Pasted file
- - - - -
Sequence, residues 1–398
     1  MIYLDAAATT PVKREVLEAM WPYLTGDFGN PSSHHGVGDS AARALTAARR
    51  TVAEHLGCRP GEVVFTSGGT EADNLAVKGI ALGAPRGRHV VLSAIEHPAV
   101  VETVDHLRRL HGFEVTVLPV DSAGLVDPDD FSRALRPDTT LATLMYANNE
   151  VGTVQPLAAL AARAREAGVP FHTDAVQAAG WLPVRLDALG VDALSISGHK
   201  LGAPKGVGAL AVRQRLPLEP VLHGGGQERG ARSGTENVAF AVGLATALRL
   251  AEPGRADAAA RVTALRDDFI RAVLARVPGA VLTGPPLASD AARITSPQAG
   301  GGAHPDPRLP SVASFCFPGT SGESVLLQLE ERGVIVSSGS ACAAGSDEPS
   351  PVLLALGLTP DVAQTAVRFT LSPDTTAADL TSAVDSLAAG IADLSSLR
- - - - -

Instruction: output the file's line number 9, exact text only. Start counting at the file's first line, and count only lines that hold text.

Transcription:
   351  PVLLALGLTP DVAQTAVRFT LSPDTTAADL TSAVDSLAAG IADLSSLR